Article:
Real Madrid and Barcelona square off Wednesday for a La Liga derby, but the already delayed match has been overshadowed by the threat of Catalan separatists' political protests
This "Clásico” promises to be like none other. Unfortunately, it may not be for the goals scored by Lionel Messi’s Barcelona or Karim Benzema's Real Madrid. Catalan separatists are planning to gather in large numbers around Camp Nou and possibly carry out protests inside Barcelona’s stadium on Wednesday when Real Madrid comes to play in one of the most-watched matches of the season. More than 25,000 protesters have agreed to gather outside Camp Nou, according to the online separatist platform Tsunami Democratic. The group says there will also be protesters among the spectators at the 99,000-seat stadium. Police have prepared a 3,000-strong special detail involving police and private security staff to try to ensure that the team buses can arrive on time and that nothing interrupts the match. The match was already postponed from its original date on Oct. 26 because of fears that separatists, then in the midst of a week of violent protests, would disrupt the game. The clubs are level at the top of the Spanish standings ahead of the game after a weekend in which both were held to draws. Barcelona was held 2-2 at Real Sociedad on Saturday, and Madrid needed a last-gasp goal by Benzema to draw 1-1 at Valencia on Sunday. Besides several thrilling showdowns between the powerhouse clubs, this century has seen some highly charged clásicos in Barcelona that have gotten out of control. The most outlandish was former Barcelona star Luis Figo’s return in a Madrid kit in 2000. The Portugal forward was welcomed by a showering of trash, including a pig's head, being flung at him by his spurned former fans. A close second place goes to ex-Madrid manager Jose Mourinho poking then-Barcelona assistant Tito Vilanova in the eye during a mass brawl between the teams in 2011.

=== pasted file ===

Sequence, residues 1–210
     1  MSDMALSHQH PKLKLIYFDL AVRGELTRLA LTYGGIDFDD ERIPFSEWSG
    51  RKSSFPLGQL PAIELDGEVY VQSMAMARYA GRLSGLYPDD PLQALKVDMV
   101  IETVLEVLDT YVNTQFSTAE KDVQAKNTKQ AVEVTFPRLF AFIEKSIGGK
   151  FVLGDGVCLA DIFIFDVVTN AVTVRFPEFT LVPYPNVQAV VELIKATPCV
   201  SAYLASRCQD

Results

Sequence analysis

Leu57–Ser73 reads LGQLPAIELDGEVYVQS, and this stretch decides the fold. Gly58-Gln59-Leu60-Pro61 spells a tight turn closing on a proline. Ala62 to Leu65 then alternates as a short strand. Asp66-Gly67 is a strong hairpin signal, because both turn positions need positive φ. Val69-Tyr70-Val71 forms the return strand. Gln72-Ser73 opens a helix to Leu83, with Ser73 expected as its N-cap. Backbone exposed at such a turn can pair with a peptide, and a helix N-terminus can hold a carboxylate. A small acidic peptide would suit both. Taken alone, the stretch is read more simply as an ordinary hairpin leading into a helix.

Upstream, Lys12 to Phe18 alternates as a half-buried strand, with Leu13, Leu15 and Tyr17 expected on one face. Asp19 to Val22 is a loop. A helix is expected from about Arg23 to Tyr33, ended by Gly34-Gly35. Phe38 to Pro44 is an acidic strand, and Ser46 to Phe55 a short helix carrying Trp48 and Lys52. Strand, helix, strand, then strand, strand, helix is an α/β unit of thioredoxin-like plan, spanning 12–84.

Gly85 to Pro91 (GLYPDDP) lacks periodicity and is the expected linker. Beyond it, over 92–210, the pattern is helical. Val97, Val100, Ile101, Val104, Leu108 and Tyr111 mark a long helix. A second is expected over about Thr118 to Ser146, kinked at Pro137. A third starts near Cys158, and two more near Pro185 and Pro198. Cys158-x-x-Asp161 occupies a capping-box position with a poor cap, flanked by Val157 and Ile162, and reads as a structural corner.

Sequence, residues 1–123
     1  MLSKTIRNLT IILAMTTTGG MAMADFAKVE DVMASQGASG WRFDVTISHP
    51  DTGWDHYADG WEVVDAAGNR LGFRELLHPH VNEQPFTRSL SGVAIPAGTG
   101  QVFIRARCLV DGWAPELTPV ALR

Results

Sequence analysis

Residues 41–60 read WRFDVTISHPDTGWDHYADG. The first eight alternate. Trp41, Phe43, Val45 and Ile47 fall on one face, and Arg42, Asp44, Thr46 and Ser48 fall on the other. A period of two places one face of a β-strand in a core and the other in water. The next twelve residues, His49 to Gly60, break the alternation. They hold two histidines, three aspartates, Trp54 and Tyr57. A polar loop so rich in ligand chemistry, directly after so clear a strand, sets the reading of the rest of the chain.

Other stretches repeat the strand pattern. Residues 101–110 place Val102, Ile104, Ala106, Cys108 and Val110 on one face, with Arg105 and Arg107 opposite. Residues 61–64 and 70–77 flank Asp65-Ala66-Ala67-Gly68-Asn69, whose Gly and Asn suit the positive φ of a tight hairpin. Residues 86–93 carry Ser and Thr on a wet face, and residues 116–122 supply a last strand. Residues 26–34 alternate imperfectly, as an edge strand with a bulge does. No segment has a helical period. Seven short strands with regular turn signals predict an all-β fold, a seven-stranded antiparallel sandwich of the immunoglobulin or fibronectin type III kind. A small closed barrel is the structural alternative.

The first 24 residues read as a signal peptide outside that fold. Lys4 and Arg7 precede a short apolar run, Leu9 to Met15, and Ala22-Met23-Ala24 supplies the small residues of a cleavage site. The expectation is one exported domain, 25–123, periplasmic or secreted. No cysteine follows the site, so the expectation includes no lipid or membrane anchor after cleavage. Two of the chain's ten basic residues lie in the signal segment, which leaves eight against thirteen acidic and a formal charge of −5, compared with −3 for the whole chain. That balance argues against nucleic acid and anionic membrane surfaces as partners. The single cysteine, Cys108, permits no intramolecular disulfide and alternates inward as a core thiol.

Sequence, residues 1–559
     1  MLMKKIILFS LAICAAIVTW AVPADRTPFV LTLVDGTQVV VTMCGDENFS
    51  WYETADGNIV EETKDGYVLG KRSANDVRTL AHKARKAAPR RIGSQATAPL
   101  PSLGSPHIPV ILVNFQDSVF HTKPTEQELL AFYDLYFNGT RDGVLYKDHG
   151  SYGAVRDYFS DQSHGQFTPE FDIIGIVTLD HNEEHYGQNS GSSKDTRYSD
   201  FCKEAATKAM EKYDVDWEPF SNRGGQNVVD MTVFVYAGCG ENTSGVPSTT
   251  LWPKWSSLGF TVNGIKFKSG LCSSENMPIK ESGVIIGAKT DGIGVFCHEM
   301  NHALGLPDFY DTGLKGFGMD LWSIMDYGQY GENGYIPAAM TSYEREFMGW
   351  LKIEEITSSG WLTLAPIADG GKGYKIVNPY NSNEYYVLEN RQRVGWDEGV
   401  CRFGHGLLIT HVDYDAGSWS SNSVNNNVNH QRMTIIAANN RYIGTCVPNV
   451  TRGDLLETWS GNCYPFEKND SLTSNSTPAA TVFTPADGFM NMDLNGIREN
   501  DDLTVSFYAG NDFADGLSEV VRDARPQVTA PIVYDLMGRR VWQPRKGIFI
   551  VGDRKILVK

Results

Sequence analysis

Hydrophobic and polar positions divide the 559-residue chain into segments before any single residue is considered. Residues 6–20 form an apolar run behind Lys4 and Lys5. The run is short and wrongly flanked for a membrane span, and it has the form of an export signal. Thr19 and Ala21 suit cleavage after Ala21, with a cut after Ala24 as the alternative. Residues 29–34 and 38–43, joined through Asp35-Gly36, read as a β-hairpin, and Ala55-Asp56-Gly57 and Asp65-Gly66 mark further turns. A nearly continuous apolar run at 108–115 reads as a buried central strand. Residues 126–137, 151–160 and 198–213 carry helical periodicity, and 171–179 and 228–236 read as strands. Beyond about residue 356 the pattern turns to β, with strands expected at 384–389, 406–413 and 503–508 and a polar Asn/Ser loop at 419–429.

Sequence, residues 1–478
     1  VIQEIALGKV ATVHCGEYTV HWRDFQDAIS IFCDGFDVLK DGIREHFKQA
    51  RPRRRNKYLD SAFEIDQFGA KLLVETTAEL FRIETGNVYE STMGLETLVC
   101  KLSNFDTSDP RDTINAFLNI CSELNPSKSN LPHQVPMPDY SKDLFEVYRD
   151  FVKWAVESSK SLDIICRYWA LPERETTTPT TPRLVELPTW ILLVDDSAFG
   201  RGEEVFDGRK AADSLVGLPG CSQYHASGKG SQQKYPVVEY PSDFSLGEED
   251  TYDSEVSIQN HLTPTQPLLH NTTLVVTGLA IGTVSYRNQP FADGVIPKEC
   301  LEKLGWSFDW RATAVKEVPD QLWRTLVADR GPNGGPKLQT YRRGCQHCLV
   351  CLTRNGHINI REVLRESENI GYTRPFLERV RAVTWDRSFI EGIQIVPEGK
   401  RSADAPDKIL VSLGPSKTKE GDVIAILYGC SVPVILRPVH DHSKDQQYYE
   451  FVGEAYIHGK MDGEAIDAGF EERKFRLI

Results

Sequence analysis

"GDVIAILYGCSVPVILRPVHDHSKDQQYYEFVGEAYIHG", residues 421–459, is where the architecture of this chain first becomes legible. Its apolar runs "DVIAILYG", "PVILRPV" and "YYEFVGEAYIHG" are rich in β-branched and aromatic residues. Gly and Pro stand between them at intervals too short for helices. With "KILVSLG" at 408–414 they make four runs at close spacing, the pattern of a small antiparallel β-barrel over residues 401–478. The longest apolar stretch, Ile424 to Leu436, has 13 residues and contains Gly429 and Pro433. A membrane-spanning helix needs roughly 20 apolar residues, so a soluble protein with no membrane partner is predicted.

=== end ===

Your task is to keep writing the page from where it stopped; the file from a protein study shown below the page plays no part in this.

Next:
Barcelona hasn’t lost a game to Madrid in six consecutive league meetings, while Madrid’s last win at Camp Nou in the league was in April 2014. Last season, Barcelona routed Madrid 5-1 without the injured Messi. Madrid then drew 1-1 at Barcelona in the Copa del Rey, only to lose 3-0 in the second leg at home. Barcelona spent 120 million euros ($134 million) this summer to trigger the escape clause in Antoine Griezmann’s contract with Atlético Madrid in the hope of finding a third world-class scoring talent after Philippe Coutinho failed to fit the bill. Just in time for Madrid, Griezmann has found his scoring form after struggling to adapt to his new role at Barcelona in the opening months of the season. The French World Cup winner has scored three times in his last five games and has tallied seven goals on the campaign. Equally as important, he is clicking well with Messi and Luis Suárez, with all three combining for 33 goals. Griezmann scored in Saturday's draw at former club Sociedad. "It was always nice to watch the clásicos on television, and now I can fulfill the dream of playing in one,” Griezmann said on Sunday. Messi will be looking to increase his clásico record of 26 goals. Benzema will be the No. 1 threat for Madrid. The French striker leads Madrid with 16 goals in all competitions this season and leads the Spanish league along with Messi with 12 strikes. Who will accompany Benzema in Madrid’s frontline is more of a mystery. With Eden Hazard most likely unavailable because of a leg injury, Zidane could align Gareth Bale, Francisco "Isco” Alarcón, Lucas Vázquez or Brazilian youngsters Rodrygo and Vinicius Junior.